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Monday, July 25, 2011

Animal Rescue V:White-throated Magpie-Jay





We have had a small success at Estacion Biologica FUNDECI/GAIA. Our care of a sick, nearly dead White-throated Magpie-Jay (Calocitta formosa), has resulted in a healthy, juvenile feeding on his own, and living as an active part of the forest in Laguna de Apoyo Nature Reserve. The volunteers who took care of him named him Heinz, and it even seems that he responds to his name. Heinz has been the subject of earlier blog entries. But one doesn't have to call him by his name to receive a visit from him. Heinz still makes a habit of dropping in on folks in the dining room without prior warning.
birdwatching Nicaragua Calocitta formosa mariposa
Photo by Anne Sutton.
His gregarious and engaging character is characteristic of his species and of all the birds of the family Corvidae, which includes the crows. Heinz is attracted to people, and also to shiny or colorful objects. He often drops in on someone to steal a pen cap, cigarette lighter, or anything metallic. He readily steals food from unattended plates and now that he is a few months old and independent, he has become so bold as to spar over the beans on one's fork as they are being transported from plate to mouth. He allows and even encourages petting, head-scratching, and all kinds of handling.

Apoyo Cultural Center
Photo by Anne Sutton.
Although one might find his antics entertaining, it is time that he stop visiting us and be a truly wild bird in our forest. Although he still begs for the favorite foods, cooked red beans and dog food pellets, he mostly feeds himself in the wild today. He has already joined a flock and spends most of his day with other birds. We saw him last week with the carcass of another bird, which was a good sign-he is a predator and that is what he is supposed to do, as gruesome as it may appear. He also found a wild pitahaya (Hylocereus costarricensis), an amazing fruit in its own right for humans! He appeared later with red stains all along his face and throat. He is doing fine and soon enough, he will brighten his plumage and begin to mate.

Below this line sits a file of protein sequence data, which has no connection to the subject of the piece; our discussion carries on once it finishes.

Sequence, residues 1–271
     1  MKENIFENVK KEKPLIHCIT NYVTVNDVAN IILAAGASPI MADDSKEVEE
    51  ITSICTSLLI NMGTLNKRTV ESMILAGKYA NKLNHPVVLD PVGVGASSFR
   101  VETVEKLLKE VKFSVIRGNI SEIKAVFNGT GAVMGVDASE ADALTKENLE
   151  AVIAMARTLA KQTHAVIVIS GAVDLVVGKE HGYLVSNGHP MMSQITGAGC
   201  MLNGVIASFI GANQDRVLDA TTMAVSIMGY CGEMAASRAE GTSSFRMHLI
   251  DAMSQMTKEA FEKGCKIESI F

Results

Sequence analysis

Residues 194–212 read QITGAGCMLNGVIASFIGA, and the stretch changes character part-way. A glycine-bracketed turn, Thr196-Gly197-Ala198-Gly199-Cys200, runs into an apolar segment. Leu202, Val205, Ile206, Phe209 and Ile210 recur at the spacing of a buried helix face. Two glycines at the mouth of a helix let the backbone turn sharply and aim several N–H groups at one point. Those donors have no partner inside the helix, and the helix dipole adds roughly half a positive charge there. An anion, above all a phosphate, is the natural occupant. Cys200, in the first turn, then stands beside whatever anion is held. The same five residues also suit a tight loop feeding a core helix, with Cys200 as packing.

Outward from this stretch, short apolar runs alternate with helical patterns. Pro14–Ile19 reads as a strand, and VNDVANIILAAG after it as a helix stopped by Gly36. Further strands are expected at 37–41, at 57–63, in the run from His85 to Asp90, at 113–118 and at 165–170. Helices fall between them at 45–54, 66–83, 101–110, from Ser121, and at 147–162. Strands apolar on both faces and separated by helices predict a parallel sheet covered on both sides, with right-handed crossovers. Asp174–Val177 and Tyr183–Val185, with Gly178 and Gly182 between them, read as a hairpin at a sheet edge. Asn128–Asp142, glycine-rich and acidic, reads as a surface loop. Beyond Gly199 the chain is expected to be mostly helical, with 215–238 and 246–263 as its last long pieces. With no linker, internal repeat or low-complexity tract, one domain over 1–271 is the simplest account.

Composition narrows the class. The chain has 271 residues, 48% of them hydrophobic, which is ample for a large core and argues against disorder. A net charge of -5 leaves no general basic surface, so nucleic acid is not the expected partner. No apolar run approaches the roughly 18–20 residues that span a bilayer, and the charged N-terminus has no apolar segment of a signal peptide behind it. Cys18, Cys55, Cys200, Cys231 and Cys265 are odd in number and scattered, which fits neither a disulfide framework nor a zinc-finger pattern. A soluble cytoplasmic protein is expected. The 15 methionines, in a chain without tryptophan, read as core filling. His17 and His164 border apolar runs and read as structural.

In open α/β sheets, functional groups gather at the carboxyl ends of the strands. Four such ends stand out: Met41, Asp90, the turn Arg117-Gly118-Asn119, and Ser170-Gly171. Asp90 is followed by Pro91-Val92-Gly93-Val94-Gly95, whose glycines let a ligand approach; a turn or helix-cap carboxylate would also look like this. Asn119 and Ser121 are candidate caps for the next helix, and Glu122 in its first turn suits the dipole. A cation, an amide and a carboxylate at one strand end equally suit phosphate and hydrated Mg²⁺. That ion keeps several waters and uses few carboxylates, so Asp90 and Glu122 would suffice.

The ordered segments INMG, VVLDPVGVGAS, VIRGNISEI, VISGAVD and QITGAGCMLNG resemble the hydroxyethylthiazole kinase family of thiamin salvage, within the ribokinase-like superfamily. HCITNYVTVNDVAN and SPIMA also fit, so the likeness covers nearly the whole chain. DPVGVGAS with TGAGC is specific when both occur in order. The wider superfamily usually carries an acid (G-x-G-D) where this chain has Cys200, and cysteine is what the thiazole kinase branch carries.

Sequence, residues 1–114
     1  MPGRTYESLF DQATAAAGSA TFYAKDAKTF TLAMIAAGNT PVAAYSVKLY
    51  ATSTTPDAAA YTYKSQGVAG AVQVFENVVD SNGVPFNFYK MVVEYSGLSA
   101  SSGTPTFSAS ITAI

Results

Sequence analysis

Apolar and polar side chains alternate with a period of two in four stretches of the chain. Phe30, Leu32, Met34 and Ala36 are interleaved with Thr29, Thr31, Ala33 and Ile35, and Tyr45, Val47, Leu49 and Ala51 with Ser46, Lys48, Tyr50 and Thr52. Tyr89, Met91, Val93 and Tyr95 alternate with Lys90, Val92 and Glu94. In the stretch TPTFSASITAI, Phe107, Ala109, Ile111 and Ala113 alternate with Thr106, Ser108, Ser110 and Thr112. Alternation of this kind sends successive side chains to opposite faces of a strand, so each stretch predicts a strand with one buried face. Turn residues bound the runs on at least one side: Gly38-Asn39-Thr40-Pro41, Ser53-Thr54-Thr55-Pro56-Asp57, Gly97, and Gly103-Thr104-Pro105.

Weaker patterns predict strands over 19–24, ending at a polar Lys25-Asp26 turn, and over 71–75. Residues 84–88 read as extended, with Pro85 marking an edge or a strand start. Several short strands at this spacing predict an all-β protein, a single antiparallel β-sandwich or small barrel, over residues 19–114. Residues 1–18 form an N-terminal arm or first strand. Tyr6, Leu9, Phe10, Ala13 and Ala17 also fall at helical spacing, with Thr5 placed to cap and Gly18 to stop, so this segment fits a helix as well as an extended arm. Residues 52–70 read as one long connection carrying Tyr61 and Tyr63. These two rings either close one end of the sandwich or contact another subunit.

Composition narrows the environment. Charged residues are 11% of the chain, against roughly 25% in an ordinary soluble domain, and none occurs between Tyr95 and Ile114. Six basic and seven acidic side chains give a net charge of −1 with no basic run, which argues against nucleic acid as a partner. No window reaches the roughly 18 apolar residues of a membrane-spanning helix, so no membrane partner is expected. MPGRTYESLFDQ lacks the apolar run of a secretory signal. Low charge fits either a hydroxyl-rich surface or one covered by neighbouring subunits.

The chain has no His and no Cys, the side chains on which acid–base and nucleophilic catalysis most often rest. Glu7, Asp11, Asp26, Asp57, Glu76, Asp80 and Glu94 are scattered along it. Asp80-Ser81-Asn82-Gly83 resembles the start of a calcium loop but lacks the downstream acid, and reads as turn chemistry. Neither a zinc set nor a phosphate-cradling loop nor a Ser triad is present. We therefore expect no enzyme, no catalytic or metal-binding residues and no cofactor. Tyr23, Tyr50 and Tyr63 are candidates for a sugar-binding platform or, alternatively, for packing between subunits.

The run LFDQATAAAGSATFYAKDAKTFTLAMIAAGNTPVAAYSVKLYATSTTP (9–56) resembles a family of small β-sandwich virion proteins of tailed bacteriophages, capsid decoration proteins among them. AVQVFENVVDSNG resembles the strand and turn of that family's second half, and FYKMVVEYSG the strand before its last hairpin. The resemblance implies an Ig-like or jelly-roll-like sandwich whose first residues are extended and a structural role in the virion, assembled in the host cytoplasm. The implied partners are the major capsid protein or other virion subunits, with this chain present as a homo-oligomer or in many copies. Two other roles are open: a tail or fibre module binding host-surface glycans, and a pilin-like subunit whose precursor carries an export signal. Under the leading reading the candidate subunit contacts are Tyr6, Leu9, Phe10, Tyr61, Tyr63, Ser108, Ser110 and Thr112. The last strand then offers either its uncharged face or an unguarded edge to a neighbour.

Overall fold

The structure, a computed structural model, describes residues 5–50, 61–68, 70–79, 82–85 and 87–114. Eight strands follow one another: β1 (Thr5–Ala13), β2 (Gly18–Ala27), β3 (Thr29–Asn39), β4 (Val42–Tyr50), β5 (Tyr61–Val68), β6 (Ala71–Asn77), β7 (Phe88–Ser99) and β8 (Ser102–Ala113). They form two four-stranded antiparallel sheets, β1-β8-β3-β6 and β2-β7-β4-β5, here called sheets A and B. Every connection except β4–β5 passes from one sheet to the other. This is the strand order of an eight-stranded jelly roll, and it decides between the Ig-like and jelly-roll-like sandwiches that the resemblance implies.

environmental volunteer Mariposa Nicaragua
Photo by Anne Sutton.
Laguna de Apoyo Nature Reserve is practically at the southern end of the range of this species, but they are abundant throughout the area. They entertain in the forest, traveling in very vocal social groups, active even in the early afternoon when other birds may be resting. Birdwatchers love them. We have enjoyed Heinz' company, but soon he will be just another hurraca in the forest for us. And of course, there will be yet another animal to save.

Saving Heinz was the work of volunteers at Estacion Biologica, all of whom executed other projects such as reforestation of degraded natural areas while caring for this chick. If you would like to volunteer with us, please let us know.

animal rehabilitation Nicaragua
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Tuesday, July 19, 2011

The birds of Laguna de Apoyo Nature Reserve I: Resident birds





In this photography by our bird monitoring volunteer Joe Taylor, we see that the birds of Laguna de Apoyo Nature Reserve are truly esthetic beings. These photos were taken on mist netted birds while they were being processed by FUNDECI/GAIA staff, prior to returning to the wild. They show some of the wonderful details that we may never appreciate even as birdwatchers. Our technicians gather data on the bird populations by mist netting which is very important for conservation efforts, but we also enjoy the esthetic experience of admiring the birds from near. The birds were photographed in Laguna de Apoyo Nature Reserve, where all of them reproduce. We hope you enjoy them as much as we do.
birdwatching Nicaragua
Lesser Ground-Cuckoo (Morococcyx erythropygus) in Laguna de Apoyo Nature Reserve, Nicaragua. Photo by Joe Taylor.